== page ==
On the night before her victory last year, Sen. Mary Landrieu (D-La.) gathered her family and staff at New Orleans Lakefront Airport and said, “We may go down tomorrow, but we are going to fight to the bitter end.” [IMGCAP(1)]
Standing next to my oldest sister, Cheryl, who was transformed in the last two weeks of campaigning into a get-out-the-vote coordinator, I whispered, “Girl, I wish we had fought like this in Florida.”
Now a year after that victory, we are celebrating the gubernatorial election in Louisiana. Never in my wildest dreams growing up in the Bayou State would I have believed Louisianans would ever elect a female governor — and, yes, she’s a Democrat. As my distant cousins in Southwest Louisiana, the ragin’ Cajuns, with their bold and spicy sausages, would say, “Laissez les bon temps rouler” — Let the good times roll.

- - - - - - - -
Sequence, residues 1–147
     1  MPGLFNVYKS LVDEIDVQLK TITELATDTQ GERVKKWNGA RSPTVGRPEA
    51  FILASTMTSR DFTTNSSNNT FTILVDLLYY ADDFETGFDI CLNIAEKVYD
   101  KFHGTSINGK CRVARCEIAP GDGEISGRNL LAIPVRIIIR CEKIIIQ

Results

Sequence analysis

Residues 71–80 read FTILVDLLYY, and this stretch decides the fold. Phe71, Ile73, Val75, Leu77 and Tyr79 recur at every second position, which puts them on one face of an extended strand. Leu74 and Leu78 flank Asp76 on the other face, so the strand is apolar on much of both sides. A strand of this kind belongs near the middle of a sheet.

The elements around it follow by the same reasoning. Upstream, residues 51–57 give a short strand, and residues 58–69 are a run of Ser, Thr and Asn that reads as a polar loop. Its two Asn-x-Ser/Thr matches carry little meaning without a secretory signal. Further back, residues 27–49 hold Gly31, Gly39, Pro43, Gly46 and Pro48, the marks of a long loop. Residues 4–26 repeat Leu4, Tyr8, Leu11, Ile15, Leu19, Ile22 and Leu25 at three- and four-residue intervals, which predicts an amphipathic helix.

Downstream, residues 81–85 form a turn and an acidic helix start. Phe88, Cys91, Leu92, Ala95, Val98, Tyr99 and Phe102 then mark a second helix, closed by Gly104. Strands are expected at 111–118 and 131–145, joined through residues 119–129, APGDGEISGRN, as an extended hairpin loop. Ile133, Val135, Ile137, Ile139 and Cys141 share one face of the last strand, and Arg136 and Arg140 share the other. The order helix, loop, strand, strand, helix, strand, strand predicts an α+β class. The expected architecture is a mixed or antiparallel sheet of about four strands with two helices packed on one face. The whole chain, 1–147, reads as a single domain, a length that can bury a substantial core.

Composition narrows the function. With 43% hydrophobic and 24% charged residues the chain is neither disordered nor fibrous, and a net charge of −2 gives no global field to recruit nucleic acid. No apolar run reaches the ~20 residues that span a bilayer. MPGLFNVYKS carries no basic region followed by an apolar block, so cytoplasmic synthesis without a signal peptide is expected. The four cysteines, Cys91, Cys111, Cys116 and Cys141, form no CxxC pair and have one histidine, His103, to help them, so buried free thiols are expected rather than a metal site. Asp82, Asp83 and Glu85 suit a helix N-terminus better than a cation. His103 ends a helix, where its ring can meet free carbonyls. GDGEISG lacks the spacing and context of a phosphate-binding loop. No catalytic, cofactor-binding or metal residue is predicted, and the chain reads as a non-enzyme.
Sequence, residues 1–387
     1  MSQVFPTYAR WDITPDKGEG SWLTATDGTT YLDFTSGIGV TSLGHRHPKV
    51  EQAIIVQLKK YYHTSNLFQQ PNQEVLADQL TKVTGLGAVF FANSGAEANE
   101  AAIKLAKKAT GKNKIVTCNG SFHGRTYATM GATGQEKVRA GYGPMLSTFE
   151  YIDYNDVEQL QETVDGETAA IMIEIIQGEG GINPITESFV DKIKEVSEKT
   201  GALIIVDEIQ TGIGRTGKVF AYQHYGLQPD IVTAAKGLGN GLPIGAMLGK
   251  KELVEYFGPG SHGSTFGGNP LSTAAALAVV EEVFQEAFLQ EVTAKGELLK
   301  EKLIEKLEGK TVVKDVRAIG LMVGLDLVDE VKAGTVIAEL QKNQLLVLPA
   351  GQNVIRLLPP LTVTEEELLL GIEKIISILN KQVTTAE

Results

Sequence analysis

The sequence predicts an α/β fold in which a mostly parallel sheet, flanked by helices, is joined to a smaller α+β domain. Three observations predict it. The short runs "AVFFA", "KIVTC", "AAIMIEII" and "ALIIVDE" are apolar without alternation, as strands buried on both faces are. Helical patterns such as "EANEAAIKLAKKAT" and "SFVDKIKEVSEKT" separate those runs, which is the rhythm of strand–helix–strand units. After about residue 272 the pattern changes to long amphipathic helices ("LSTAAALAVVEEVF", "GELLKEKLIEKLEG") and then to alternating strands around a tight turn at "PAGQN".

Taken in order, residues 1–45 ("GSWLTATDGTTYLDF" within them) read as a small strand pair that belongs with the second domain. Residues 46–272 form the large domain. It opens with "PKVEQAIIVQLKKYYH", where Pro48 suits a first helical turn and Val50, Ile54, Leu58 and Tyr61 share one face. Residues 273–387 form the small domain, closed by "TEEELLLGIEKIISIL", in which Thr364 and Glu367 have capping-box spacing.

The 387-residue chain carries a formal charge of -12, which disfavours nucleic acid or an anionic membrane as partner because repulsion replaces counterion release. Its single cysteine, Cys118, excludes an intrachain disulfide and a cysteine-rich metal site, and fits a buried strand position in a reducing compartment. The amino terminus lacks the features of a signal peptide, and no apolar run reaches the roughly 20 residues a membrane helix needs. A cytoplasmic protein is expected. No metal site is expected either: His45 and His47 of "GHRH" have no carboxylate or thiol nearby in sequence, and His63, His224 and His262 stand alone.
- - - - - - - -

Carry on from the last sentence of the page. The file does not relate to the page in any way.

For two straight years, Louisianans have managed to do something Democrats across the country have failed to do — win the big ones. Gov.-elect Kathleen Babineaux Blanco, a proud conservative Democrat, went into the runoff as the underdog after capturing less than 20 percent of the vote during the Oct. 4 all-party primary (yes, Louisiana’s electoral system is way behind the curve).
Many believed that Blanco, with her less than flattering style, would fail to reach out to the party’s base. Yet, in less than six weeks, Blanco — with the strong support of Democrats Landrieu, Sen. John Breaux, Reps. William Jefferson and Chris John and the Louisiana Democratic Party — pulled together an impressive coalition that any presidential candidate would salivate over next year.
As a result of Blanco’s and Landrieu’s victories, it’s time for national Democrats to rethink their battleground strategy, which currently includes only one Southern state, so that the Democratic nominee competes in Louisiana. This pivotal Southern state is ready to become part of the party’s electoral recipe for victory.